When it comes to knowing the ancient Greek nymph Eurydice, it really depends on whom you ask. Virgil pictured her as happily married before getting fatally bitten by a viper. Ovid believed that her tragedy came about from jinxing herself on her wedding day. For Plato, she served little other purpose than as a sacrifice to test her husband Orpheus’s bravery. The fates, and the literary establishment, are clearly against her.
Joanna Crawley’s arch adaptation for the White Label collective breaks away from such accounts. Where we’ve often seen Eurydice die, leaving a bereaved Orpheus to embark into the underworld to rescue her, this contemporary version shows instead a meeting between lovers and their journey into an unhappy marriage.
How does epic love settle into lethargy, you might ask. On one hand, India Mullen’s sharp-tongued Eurydice is a fierce protector of equality and the environment. But Michael-David McKernan’s smooth Orpheus makes his king’s speech with familiar hot air. “I belong entirely to you,” he assures his public, while revelatory video projections (the design agency Algorithm) show the figure in astonishing detail. Such heavy-handed populism and media coverage reminds us of a recent U.S. President’s election campaign.
It’s not hard, however, for a meddling Hades (Barry McKiernan) to stir the pot. Crawley draws Eurydice as self-assured but caustic, mocking the rich-boy-turned-king Orpheus: “Your fantasises must be transcendentally boring.” There’s a sure distance between characters yet Monika Bieniek’s choreography will insist on an intimacy. It doesn’t add up.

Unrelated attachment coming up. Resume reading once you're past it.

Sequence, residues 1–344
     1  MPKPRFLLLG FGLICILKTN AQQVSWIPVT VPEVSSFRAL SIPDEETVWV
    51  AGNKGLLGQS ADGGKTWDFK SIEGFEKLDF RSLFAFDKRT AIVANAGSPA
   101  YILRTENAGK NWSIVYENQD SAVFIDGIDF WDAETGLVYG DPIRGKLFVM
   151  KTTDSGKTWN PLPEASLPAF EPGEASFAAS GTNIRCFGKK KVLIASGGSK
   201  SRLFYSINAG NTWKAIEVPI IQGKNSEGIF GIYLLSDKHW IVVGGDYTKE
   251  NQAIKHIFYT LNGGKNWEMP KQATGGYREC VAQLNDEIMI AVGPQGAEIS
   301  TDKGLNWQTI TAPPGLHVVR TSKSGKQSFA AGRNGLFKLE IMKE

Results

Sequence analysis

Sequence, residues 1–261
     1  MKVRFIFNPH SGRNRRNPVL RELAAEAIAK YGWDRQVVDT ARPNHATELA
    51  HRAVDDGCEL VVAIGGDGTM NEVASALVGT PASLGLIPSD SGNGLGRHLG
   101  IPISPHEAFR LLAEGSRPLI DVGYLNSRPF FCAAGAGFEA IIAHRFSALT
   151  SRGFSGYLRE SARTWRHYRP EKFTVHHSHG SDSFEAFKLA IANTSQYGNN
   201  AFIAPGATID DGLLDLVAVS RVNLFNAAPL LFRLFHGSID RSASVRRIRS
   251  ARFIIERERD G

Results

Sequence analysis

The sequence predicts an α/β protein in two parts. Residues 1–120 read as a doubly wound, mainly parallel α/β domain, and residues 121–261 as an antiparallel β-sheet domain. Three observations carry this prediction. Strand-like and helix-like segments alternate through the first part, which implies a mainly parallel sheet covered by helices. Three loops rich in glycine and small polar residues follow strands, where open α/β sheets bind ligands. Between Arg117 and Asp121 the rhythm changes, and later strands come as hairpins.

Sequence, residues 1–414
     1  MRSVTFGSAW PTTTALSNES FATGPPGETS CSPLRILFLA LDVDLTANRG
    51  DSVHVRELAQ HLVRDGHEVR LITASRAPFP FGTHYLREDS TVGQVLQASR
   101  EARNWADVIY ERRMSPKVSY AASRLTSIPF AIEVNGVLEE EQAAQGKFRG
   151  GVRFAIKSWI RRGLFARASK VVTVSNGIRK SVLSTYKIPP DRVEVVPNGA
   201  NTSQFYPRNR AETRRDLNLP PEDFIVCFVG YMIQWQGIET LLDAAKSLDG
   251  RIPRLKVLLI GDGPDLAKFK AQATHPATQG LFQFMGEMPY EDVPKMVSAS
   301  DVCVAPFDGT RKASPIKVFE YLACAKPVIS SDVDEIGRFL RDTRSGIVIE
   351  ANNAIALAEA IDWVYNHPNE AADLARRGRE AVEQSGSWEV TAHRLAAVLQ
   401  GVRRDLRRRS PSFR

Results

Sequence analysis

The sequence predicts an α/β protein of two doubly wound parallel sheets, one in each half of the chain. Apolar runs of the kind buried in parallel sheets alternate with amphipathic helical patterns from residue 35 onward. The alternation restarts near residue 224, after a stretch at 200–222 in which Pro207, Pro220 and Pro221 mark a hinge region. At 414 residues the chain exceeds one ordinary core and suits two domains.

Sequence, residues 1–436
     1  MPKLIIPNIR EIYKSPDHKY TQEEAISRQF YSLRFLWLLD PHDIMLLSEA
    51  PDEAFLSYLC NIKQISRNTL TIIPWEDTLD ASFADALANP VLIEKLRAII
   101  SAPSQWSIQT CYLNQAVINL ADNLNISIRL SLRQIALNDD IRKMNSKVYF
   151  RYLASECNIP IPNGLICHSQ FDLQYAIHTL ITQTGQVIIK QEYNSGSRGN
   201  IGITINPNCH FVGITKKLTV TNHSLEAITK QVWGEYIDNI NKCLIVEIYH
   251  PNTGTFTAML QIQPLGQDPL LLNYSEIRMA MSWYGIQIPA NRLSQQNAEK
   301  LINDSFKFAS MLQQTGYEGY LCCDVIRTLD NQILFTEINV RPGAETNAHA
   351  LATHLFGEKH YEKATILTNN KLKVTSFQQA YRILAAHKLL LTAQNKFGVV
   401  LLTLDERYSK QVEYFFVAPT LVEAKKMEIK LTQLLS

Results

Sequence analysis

Director Lee Wilson’s production isn’t short on devices (there’s also a score by Jane Deasy performed live) but so much of its energy is routed into its atmosphere, making the familiar myth strange, rather than gauging the clarity and temperature of the action. As a result, Mullen and McKernan don’t seem clear on where their characters’ differences blur into an intense romance.
The play’s sensibility, however, is unmistakably feminist as it follows Eurydice and Orpheus trying to solve a disturbing epidemic of female suicides. Throughout, a jagged voiceover observes the action like a computerised chorus, weaving in snatches from Trump, George R. R. Tolkien and even former Abbey Theatre artistic director Fiach Mac Conghail (who told female playwrights “Them the breaks”) into an extremely pitched polemic.
By getting married, Eurydice isn’t just settling for mediocrity; she’s settling for patriarchy. It’s easy, in this furious production, to see where they’re really one and the same.
The Eurydice Project is on until 1st April 2017 at Project Arts Centre, Dublin. Click here for more details.